Identity theft happens when someone uses your personal information, such as your name, Social Security number or other identifying information without your permission to commit fraud or other crimes. When it comes to federal taxes, you may not be aware you have become a victim of identity theft until you receive a letter from the Internal Revenue Service.
Usually, an identity thief uses a legitimate taxpayer’s identity to fraudulently file a tax return and claim a refund. They generally do this by using a stolen SSN and filing a forged tax return with the attempt to get a fraudulent refund early in the filing season.
You may be unaware that this has happened until you file your tax return later in the filing season and discover that two returns were filed using the same SSN. Be alert to possible identity theft if you receive an IRS notice or letter that states:
• More than one tax return for you was filed,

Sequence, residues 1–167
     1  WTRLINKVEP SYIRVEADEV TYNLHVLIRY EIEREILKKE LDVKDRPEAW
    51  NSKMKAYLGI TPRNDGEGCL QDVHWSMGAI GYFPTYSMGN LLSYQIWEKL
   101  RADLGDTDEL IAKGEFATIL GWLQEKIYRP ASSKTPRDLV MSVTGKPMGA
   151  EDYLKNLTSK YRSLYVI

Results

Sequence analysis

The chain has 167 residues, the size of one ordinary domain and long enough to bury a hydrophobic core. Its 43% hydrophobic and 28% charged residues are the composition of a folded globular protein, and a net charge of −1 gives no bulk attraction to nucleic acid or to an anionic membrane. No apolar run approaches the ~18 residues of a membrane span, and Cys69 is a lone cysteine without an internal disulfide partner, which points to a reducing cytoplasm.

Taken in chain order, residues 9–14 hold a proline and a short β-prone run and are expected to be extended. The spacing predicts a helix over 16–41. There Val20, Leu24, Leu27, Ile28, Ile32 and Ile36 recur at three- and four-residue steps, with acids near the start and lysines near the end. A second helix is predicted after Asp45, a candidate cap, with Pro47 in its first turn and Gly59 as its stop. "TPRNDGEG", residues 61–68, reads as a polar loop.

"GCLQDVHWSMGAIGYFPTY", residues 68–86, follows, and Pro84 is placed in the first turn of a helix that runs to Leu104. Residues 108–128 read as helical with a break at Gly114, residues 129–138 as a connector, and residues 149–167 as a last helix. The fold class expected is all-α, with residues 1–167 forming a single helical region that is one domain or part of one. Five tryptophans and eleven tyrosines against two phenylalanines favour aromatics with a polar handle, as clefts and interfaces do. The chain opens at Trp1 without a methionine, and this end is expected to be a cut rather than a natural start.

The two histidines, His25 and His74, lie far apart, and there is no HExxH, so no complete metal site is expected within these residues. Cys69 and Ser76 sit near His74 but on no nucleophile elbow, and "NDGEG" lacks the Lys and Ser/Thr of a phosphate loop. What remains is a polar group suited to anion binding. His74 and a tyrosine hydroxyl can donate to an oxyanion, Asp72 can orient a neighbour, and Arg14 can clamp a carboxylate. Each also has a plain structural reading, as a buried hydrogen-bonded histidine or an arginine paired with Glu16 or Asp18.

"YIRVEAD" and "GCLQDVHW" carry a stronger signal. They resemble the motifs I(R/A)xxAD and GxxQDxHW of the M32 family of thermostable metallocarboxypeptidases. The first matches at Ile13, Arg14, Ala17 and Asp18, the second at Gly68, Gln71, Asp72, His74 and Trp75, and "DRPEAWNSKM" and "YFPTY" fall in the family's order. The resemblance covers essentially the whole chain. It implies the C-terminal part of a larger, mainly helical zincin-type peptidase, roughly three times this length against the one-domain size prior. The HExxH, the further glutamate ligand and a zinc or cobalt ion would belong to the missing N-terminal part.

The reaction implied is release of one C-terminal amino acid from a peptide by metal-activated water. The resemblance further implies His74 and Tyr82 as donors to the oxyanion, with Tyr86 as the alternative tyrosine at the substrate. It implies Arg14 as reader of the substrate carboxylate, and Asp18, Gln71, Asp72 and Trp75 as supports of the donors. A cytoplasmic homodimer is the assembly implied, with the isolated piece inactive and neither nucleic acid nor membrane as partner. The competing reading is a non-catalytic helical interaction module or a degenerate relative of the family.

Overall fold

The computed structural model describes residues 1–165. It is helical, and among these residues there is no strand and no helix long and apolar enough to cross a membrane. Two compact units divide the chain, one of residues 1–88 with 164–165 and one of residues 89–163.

• You have a balance due, refund offset or have had collection actions taken against you for a year you did not file a tax return, or
• IRS records indicate you received wages from an employer unknown to you.
If you receive a notice from IRS, respond immediately. If you believe someone may have used your SSN fraudulently, please notify IRS using the telephone number printed on the notice or letter. You will also need to fill out the IRS Identity Theft Affidavit, Form 14039.
If your tax records are not currently affected by identity theft, but you believe you may be at risk due to a lost or stolen purse or wallet, questionable credit card activity or credit report, contact the IRS Identity Protection Specialized Unit at 1-800-908-4490.
The IRS also created a special section on IRS.gov dedicated to identity theft issues, including tips and a special guide for assistance. Consult the Taxpayer Guide to Identity Theft and the IRS Identity Theft Protection page on IRS.gov for more information.